We unexpectedly observed that, although glomeruli are the primary site of defect in AS, activation of TGFβ signals was not prominent in the glomeruli, and damaged tubular epithelial cells expressed TGFβ more intensely in Col4a3–/– mice. One possible explanation is the temporal and spatial gaps between TGFβ expression and fibrosis in glomeruli and tubules. Since GBM is the primary site of genetic event in AS, ultrastructural alterations begin from glomeruli [33]. Therefore, we speculated that TGFβ signaling may have been upregulated earlier in glomeruli than in tubules. Accordingly, our immunohistochemical observations suggest that fibrosis should be more advanced in glomeruli than in tubules, resulting in the paradoxical paucity of TGFβ proteins in the glomeruli of Col4a3–/– mice at the time of sacrifice due to the relative lack of cellular components. Whereas the specific function of TGFβ in glomerulosclerosis of Col4a3–/– mice remains to be further elucidated, the contribution of TGFβ to tubulointerstitial fibrosis in autocrine or paracrine manners is clear. In this regard, our findings are notable in that tubular epithelial cells still express TGFβ in the kidneys with glomerulosclerosis; the intervention with ARBs prevents further progression of tubulointerstitial fibrosis even in the late stage of disease by interrupting RAS-TGFβ feedback loop.

4. Materials and Methods

4.1. Experimental Animals and Protocols

The experimental protocol was approved by the Animal Care Regulations (ACR) Committee of Chonnam National University Medical School (CNU IACUC-H-2018-21, date of approval 20-05-2018). Wild-type and Col4a3–/– mice [5] on a congenic 129X1/SvJ background were purchased from the Jackson Laboratory (Bar Harbor, ME, USA), and only male mice were used in this study. Olmesartan treatment began at four weeks of age, continued for three weeks, where olmesartan medoxomil (Sigma-Aldrich, St. Louis, MO, USA) at a dose of 5 mg/kg/day dissolved in drinking water was administered; only vehicle was supplied for the other experimental groups. Mice were sacrificed at seven weeks of age.

4.2. Serum and urine NGAL measurement by ELISA

Serum was isolated by centrifuging blood samples at 2000× g for 5 min at room temperature (RT). Urine samples were centrifuged immediately after collection at 8000× g for 5 min. NGAL level were determined with a commercial ELISA kit (R&D Systems, Minneapolis, MN, USA), according to manufacturer’s instruction.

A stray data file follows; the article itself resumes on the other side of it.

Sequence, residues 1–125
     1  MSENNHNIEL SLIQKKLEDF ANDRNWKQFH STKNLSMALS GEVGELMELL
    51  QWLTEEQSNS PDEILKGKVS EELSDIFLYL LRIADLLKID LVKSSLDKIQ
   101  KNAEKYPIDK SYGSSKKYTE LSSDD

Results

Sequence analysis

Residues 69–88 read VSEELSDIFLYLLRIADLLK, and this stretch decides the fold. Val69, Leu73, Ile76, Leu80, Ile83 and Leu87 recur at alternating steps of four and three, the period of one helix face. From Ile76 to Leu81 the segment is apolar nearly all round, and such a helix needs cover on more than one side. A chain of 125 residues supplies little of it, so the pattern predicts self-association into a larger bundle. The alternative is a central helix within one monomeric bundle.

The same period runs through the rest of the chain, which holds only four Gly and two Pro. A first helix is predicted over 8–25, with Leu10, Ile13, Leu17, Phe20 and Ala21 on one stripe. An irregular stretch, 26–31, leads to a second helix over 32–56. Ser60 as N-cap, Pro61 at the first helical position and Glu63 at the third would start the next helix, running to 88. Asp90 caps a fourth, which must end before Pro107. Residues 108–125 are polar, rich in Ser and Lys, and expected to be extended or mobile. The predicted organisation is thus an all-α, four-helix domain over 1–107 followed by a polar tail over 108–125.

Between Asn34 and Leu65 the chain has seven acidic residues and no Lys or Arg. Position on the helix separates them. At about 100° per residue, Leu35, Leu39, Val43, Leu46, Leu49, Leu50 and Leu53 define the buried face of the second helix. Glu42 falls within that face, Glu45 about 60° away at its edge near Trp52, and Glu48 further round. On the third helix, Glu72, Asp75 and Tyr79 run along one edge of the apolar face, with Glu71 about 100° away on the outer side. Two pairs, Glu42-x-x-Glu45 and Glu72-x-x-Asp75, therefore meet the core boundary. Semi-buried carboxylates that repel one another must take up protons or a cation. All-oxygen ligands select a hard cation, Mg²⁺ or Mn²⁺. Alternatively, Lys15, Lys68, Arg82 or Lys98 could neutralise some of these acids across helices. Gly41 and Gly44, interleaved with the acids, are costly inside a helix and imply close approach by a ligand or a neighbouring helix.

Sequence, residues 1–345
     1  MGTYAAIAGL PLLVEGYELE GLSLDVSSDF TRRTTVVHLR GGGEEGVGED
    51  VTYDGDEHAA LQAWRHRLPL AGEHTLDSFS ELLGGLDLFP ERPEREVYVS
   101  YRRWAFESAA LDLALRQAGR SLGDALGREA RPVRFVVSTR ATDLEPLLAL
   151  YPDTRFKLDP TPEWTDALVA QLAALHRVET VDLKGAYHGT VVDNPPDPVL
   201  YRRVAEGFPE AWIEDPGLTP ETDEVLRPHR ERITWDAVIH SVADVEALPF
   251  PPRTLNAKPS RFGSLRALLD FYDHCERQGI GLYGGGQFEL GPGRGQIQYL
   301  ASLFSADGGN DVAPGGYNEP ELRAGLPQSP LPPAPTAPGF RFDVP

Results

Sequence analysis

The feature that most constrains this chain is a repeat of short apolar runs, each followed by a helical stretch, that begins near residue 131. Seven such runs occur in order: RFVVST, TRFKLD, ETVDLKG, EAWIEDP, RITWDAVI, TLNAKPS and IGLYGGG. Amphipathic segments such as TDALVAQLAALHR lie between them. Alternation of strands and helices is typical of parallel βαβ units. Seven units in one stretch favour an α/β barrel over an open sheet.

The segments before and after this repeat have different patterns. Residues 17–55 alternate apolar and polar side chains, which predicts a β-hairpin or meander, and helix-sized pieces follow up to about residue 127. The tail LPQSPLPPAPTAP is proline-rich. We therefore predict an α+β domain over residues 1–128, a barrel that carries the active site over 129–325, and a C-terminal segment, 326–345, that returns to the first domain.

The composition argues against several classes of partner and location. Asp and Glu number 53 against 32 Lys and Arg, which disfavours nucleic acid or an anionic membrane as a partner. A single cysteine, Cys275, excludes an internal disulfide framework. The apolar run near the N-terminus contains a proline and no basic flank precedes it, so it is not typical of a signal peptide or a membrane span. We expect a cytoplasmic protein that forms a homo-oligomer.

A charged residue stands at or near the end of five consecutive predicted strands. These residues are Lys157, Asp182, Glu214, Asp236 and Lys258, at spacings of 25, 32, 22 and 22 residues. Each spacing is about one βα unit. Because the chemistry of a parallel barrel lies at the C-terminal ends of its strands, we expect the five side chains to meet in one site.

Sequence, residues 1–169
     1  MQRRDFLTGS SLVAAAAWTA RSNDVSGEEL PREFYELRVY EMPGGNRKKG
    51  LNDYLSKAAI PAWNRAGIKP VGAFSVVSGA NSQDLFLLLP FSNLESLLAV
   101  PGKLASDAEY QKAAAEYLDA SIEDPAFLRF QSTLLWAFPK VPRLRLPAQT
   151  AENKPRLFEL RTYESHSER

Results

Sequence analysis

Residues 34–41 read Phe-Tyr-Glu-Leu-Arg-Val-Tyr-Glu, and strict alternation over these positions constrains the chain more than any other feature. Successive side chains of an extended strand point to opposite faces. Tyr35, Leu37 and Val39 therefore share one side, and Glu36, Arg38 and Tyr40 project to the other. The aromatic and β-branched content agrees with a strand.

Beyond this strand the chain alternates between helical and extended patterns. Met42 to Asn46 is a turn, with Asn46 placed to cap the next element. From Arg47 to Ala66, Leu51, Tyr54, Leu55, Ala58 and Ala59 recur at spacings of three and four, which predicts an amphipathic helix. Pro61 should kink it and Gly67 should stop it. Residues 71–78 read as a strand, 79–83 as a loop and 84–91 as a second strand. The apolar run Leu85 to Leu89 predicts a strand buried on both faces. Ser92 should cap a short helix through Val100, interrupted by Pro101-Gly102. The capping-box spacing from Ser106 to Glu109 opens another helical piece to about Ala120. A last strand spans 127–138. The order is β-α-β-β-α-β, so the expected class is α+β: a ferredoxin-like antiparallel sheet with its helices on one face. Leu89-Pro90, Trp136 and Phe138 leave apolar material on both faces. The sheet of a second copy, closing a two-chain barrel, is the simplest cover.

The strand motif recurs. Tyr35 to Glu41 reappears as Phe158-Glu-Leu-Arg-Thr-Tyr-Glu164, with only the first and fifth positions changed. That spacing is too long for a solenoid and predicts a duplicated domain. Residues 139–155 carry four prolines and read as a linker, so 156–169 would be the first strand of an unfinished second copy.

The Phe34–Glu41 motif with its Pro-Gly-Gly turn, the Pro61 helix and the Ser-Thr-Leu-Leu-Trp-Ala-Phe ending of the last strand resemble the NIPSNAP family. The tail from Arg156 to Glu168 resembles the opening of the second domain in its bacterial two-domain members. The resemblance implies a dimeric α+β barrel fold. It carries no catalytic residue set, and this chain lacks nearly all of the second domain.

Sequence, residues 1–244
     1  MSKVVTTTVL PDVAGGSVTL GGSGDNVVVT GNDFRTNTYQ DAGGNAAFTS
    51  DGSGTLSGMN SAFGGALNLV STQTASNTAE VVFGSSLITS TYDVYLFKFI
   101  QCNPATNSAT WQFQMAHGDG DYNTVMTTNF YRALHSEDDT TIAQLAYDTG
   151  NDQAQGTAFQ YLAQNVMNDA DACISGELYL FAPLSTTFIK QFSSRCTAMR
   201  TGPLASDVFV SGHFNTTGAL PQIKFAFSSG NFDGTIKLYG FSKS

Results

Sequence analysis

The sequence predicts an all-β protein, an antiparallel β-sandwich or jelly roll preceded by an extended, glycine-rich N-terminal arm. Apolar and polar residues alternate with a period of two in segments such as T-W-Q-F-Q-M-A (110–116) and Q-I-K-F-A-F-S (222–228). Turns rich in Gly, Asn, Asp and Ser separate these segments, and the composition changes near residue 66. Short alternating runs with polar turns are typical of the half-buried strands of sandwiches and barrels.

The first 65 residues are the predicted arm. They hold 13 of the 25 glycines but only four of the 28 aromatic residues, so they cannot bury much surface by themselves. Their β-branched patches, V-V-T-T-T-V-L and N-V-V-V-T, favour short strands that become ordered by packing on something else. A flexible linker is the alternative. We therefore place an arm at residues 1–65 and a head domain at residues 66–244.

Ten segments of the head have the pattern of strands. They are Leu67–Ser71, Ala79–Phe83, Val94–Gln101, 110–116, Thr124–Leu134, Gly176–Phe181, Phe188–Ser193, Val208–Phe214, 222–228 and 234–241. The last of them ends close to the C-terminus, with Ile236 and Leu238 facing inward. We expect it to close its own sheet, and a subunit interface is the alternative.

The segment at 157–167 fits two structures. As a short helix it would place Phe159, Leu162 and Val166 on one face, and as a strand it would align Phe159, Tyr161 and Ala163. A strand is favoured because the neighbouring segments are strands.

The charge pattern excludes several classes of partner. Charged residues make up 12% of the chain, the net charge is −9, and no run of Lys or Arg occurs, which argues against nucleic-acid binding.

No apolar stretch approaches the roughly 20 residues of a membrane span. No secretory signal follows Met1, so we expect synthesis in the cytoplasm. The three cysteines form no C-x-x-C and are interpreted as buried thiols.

4.3. Histology and Immunohistochemistry

The kidney was placed into 10% neutral buffered formalin (Sigma-Aldrich) for fixation overnight at RT. After brief washing with PBS, the fixed kidney was paraffin-embedded, sectioned into 3-μm thickness, stained, and scanned. Hematoxylin and eosin, (PAS), and Masson’s trichrome stainings were done, as previously described [34]. Periodic acid–Schiff staining followed the manufacturer’s instruction (Abcam, Cambridge, MA, USA). For immunohistochemistry, deparaffinized tissue sections were antigen-retrieved by heating at 100°C for 15 min in citrate buffer, pH 6.0 (Sigma-Aldrich). Following incubation with blocking buffer (1% (w/v) bovine serum albumin dissolved in 0.3% (v/v) Triton-X100 in PBS (0.3% PBS-T)) for 1 h at RT, the section was incubated with primary antibodies diluted in blocking buffer overnight at 4°C. After brief wash with 0.3% PBS-T three times, sections were incubated with horse radish peroxidase-conjugated secondary antibodies diluted in blocking buffer for 1 h at RT. After brief wash with 0.3% PBS-T three times and with PBS once, sections were incubated in 3,3′-diaminobenzidine reaction solution (Abcam). Following the rinse in tap water, the sections were counter-stained with Meyer’s hematoxylin solution, were washed in tap water, dehydrated in ethanol and xylene, and mounted. Primary and secondary antibodies used in immunohistochemistry are listed in Table S1.

4.4. Detection of Apoptosis with Tunel Staining

Apoptosis of tubular epithelial cells was detected with TUNEL staining with ApopTag Plus Peroxidase In Situ Apoptosis Kit (Sigma-Aldrich), according to the manufacturer’s instruction.

4.5. Cell Culture

Human renal proximal tubular epithelial cells (HK-2 cells, American Type Culture Collection, Manassas, VA, USA) were cultured, as previously described. Briefly, cells were passaged approximately every three to four days in 100-mm dishes containing combined Dulbecco’s modified Eagle’s (DMEM) and Hams F-12 medium (Sigma-Aldrich) supplemented with 10% fetal bovine serum (FBS; Life Technologies; Gaithersburg, MD, USA), 100 U/mL penicillin, and 100 mg/mL streptomycin (Sigma-Aldrich). The cells were then incubated in a humidified atmosphere of 5% CO2 and 95% air at 37 °C for 24 h, and sub-cultured until 70–80% confluence. For treatment with recombinant proteins or chemicals, cells were plated onto 60-mm dishes in a medium containing 10% FBS and incubated for 24 h. The cells were then incubated in DMEM-F12 medium with 2% FBS and treated with rhAngII (1 μg/mL; Bachem, Bubendorf, Switzerlandsource) or rhTGFβ (2 ng/mL; R&D Systems) for an additional 16 h. Olmesartan medoxomil (5 ng/mL) was added 1 h prior to rhTGFβ treatment.